Friday, April 21, 2017
Two passages from Antunes's The Land at the End of the Earth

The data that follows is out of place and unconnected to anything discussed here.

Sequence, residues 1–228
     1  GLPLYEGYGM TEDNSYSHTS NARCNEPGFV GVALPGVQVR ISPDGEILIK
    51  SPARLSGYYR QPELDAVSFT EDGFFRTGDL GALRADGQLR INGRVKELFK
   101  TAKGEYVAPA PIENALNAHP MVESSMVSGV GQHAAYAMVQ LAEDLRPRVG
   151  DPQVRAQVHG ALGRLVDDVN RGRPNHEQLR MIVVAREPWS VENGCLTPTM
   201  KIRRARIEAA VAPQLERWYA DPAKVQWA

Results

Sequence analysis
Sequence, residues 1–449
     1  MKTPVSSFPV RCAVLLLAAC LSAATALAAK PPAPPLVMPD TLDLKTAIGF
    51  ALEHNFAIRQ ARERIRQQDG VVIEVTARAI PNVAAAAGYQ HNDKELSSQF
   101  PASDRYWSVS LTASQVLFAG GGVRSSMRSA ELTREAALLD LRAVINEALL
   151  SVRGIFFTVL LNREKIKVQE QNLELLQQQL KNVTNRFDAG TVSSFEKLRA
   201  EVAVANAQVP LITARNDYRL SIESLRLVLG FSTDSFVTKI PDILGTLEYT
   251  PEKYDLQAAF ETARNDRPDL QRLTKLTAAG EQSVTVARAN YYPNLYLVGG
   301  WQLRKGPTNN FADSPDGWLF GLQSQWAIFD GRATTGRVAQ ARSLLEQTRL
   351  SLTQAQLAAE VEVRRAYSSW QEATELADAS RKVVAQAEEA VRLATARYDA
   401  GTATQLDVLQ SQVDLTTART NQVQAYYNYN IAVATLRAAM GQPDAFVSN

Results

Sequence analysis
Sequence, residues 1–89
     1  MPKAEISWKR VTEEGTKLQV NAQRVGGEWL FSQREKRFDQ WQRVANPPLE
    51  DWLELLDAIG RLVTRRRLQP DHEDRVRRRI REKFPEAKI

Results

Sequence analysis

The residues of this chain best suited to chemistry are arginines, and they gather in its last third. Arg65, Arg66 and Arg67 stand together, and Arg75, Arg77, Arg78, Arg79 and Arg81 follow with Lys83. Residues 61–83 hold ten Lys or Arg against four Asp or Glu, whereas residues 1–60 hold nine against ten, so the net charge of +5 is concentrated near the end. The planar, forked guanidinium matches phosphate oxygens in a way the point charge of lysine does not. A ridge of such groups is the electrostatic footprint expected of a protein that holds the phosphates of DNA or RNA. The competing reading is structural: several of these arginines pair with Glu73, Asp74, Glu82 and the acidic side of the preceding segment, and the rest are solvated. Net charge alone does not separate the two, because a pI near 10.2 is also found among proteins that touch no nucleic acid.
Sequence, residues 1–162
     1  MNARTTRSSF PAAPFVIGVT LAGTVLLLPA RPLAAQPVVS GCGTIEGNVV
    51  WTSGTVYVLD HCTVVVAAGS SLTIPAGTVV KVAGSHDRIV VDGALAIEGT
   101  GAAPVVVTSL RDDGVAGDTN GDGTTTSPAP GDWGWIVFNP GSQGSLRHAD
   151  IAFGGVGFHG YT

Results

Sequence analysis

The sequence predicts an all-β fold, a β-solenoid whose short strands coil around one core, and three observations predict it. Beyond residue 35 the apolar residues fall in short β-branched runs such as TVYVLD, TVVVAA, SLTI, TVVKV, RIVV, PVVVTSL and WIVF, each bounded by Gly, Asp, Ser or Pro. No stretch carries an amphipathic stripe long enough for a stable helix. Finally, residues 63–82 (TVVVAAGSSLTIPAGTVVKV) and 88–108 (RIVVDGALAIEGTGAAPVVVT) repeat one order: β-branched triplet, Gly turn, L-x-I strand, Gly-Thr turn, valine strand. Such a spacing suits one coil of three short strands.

I'm gonna break w/ past practice and quote a passage or two from Antonio Lobo Antunes's 1979 novel The Land at the End of the World because I can't think of another way in which to convey his beautiful imagery and unusual perspectives, reminiscent only of Proust perhaps, though in an entirely different milieu - the Portuguese colonial war in Angola as perceived by a military doctor, his postwar depression, his disgust w/ and contempt for the Salazar dictatorship, the horrors of military action (some of this reminiscent of the American Vietnam-era literature and to a lesser degree of all anti-war literature as seen from combatants, such as Catch 22), and of sexual longings unfulfilled. Here, almost at random, is the opening sentence to Chapter F (novel has 26 chapters, id'd by letters in alphabetical order, not sure of the significance if any): "Have you ever noticed how at this hour of the night and with this amount of alcohol in your blood, the body begins to emancipate itself from you, refusing to light your cigarette, grasping your glass with a certain tactile clumsiness, wandering about inside your clothes with a gelatinous fluidity?" Note how he does not talk about the drunk's losing control of his body; rather, the opposite: the body freeing itself from the person. Or this, literally selected by random opening of book: "I tried to perform heard massage, but his chest was soft and boneless and it crunched beneath my hands, like a sort of pulp, an explosion was all it took to turn Macaco into a rag-and-sawdust puppet, the captain disappeared again into the mess hut and returned with more whisky in his glass, the plain began to drain of color, announcing the coming of night, the medic, still saying Fuck fuck fuck, came and crouched next to us, under our breath we were all saying Fuck, the captain was whispering Fuck into his whisky, the duty officer standing to attention before teh flag, his fingers adjusting his beret, was screaming Fuck, the moist imploring eyes of the stray dogs sniffing at our ankles were moaning Fuck, their eyes as supplicating as those of the people in this bar tonight [note: he is addressing a woman in a bar at about 2 a.m.], moist with resignation and a stupid kind of tenderness, eyes adrift about their glasses of Cognac ... " - and so forth. You can see that this is like a prose poem (does it remind anyone of Michael Casey's great Vietnam poems, Obscenities?) yet also note the shift in perspectives - from the action in the field, to the reactions of those around, from realism to anthropomorphism (the dogs) to a present-day (1979) setting in a bar, sad in disillusioned but so distant from the war except in memory and scars. Many props at translator Margaret Jull Costa - and not that English translation did not appear until 2011 - three decades+ after publication. No wonder Antunes has not been properly recognized as a leading world writer (if this novel represents his overall work) - a travesty.